Analyze how to use combinatorial concepts (for example, enumerative and analytic combinatorics, partition theory, probabilistic combinatorics, and generating functions) as well as graph theoretic concepts (such as trees, distance, cycles, coloring, route problems, subgraphs, giant component, covering, and visibility). Find highly diverse applications of combinatorics and graphs in food webs, industrial optimization and voting — illustrating the versatility and usefulness of concepts that may at first appear theoretical.

CS373 / Econometrics in Context

Explore how to use core econometric methods and statistical techniques to construct and test economic and social models in practical situations such as measuring the importance of peer pressure on teen smoking, estimating the elasticity of high end chocolate prices or evaluating the impact of mosquito bed nets against malaria. During in-class debates, students critically examine the assumptions, validity and outputs of the models.

CS411 / Building Useful and Usable Database Systems

Use data models, data description languages, query methods such as relational algebra and SQL, data normalization, and transaction and security protocols to design an efficient and secure database system for a real-world example. Also explore new trends in databases to sketch out what databases of the future may look like. For example, students examine how graph databases can be leveraged to process social network data or discover relationships between entities, with applications to biological and health care databases.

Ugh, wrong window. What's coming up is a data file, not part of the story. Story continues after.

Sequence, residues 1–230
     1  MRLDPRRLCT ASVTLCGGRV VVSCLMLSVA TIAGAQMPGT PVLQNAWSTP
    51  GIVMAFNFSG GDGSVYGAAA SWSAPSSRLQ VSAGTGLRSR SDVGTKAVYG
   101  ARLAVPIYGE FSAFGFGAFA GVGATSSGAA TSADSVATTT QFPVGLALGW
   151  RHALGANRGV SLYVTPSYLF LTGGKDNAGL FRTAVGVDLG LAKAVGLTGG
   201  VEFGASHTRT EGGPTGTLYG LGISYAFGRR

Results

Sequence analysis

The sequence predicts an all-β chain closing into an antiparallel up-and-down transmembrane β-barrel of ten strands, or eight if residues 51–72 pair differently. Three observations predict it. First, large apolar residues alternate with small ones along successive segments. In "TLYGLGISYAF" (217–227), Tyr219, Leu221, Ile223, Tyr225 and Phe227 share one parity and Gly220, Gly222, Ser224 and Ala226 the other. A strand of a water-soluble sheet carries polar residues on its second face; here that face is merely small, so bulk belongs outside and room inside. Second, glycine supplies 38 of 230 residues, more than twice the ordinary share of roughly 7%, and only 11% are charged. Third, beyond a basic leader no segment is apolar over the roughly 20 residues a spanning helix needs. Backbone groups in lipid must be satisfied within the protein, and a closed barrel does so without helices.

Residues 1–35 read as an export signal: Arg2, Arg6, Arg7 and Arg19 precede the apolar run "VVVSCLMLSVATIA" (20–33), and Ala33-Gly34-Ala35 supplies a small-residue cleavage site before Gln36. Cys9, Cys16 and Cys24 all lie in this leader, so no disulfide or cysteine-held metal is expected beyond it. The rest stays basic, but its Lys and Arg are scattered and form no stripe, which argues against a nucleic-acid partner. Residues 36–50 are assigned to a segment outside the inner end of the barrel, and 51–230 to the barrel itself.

CS433 / Advanced Decision Science

Use advanced decision techniques such as real options and Monte Carlo simulation to address complex issues. Examples include project portfolio management, pharmaceutical drug development, and oil and gas investment decisions. Learn about philanthropic portfolio decisions requiring high-stake tradeoffs in highly uncertain environments and with complex, culturally and socially sensitive objectives.

CS471 / How to Make Partial Differential Equations Work for You

Solve partial differential equations using a combination of analytical and computational techniques, and apply partial differential equations to model the spread of epidemics, the dynamics of interest rates and patterns of highway traffic.

CS531 / Network Science

Understand how to use network concepts — from graph theory, mathematics, probability theory, and statistical physics — to analyze and predict the behavior of social, economic and transportation networks. Utilize properties such as centrality, diameter and effective distance; for example, model and predict the spread of an infectious disease and design interventions that can slow down or stop the epidemic.

CS552 / Causal Inference

Apply methods for establishing causation — from randomized controlled experiments to statistical approaches to infer causation from observational studies (matching methods and regression adjustments). Critically examine claims of causal links in such varied contexts as clinical trials (does a drug work better than a placebo?), economics (do incentives cause the desired behavior?), social sciences (does a friend’s happiness cause someone to be happy?), and program evaluation (do microloans reduce poverty?). Students conduct their own analysis on a topic of their choosing.

CS573 / Numerical Analysis

Solve scientific and engineering problems by calculating derivatives, integrals and differential equations using computational methods. Activities include modeling a complex social, economic or biological system numerically.